This comes from my studies of mosque design in Islamic culture, I feel it is more spatially oriented, and Christian architecture leaning mostly to linear: The solutions to the same issues (e.g. congregational use) are sought in different physical dimensionality. The difference between 2 and 3 dimensions. So, I seem to have no objection to schools of deconstructive architecture, as long as I can demonstrably perceive spatial answers to questions of use and design. Does this make sense?

Historically, for those who might question my claim, in the time of the great Islamic efflourescence and Empire, there was an inherent cultural understanding and acceptance of the Earth as a sphere, even as they were excommunicating Galileo reaffirming a heliocentric model of the Universe. These assumptions are deeply laid within cultural fabric and when carried from one generation to another, one esthetic to another does it not follow that architecture becomes a major factor of transmission?

I believe his would go far to 1) resolving any perceived conflict between cultural motifs used in design, and issues of architectural, deconstructive style. No?

In addition, I think this would support your own work in terms of the ��nature of design�� as dimensionality, multidimensionality become more recognized as an issue of general philosophy , not constrained by issues of class, elites, etcetera. As such, architecture and system designs become a mechanism by which enculterated limitations within any society may be overcome given that is the right intent.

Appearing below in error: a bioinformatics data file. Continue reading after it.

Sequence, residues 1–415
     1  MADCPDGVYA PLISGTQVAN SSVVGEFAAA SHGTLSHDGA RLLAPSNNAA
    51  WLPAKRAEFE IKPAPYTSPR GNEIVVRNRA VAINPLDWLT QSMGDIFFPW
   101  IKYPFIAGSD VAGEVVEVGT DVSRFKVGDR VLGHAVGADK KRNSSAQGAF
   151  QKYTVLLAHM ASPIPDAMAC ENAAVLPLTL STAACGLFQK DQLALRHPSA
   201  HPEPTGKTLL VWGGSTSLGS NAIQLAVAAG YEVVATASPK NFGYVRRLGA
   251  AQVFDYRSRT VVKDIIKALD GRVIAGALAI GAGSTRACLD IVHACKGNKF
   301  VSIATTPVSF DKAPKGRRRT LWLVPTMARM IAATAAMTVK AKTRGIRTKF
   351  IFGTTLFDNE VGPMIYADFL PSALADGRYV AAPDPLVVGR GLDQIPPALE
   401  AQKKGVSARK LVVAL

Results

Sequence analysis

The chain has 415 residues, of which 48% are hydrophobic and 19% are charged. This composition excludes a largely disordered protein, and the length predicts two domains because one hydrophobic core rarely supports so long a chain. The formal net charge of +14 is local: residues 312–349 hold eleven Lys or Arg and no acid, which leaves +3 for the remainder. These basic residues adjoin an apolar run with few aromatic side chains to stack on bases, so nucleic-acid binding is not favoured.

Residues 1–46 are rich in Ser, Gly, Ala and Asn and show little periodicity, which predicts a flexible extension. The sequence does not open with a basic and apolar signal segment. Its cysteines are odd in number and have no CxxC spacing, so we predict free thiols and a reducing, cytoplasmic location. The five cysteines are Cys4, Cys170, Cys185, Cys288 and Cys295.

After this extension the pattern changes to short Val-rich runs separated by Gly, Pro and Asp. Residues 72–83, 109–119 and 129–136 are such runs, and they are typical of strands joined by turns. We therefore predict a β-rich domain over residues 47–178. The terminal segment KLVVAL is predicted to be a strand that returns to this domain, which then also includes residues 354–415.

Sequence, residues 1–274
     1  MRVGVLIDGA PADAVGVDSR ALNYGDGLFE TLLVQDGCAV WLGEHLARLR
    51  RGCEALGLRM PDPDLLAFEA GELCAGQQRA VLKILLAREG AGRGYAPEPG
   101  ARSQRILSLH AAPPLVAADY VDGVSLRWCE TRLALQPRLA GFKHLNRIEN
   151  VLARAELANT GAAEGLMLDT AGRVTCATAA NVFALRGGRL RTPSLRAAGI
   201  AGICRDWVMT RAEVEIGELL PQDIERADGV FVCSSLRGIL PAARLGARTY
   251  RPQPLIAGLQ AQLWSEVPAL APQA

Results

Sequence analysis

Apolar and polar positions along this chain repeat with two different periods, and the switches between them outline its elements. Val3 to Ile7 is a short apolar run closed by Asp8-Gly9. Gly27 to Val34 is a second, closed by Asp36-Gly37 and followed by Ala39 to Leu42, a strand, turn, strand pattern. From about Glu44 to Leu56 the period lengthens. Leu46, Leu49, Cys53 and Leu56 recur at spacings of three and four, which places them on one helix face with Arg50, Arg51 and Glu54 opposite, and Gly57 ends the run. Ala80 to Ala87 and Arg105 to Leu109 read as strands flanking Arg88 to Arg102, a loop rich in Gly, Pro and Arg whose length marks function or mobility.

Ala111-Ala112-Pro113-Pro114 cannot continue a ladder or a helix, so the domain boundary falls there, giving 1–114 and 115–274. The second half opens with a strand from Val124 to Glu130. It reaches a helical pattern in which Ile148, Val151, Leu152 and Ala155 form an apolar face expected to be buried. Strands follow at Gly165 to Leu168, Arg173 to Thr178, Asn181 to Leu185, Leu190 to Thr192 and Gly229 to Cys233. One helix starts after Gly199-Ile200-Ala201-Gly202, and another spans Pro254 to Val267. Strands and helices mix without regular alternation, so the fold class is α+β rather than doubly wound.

Ma salemah!
Anthony Stewart
Deconstructivism
Anthony, Look at my latest posting in the topic "Islamic Architecture". :)))
Frank John Snelling
Deconstructivism
salaam, my friend (i hope) Frank:

I am now just receiving books by Kandinsky, in particular Line to Point to Plane, and also on 'the Spiritual In Art' which all more to do with the focus of my own studies - the adaptation of constructivism, terms et al to the contemporari9e discussions of architecture, communication, language and the determination of primary assumptions of design, social and otherwise. I cannot think of anyone else with whom to discuss these matters with other than yourself. Please advise of a listserv or other 'parallel' means by which I may, at your pleasure discuss thesse matters in full. I realize that some of these issues may in fact transcend strictly 'architectural'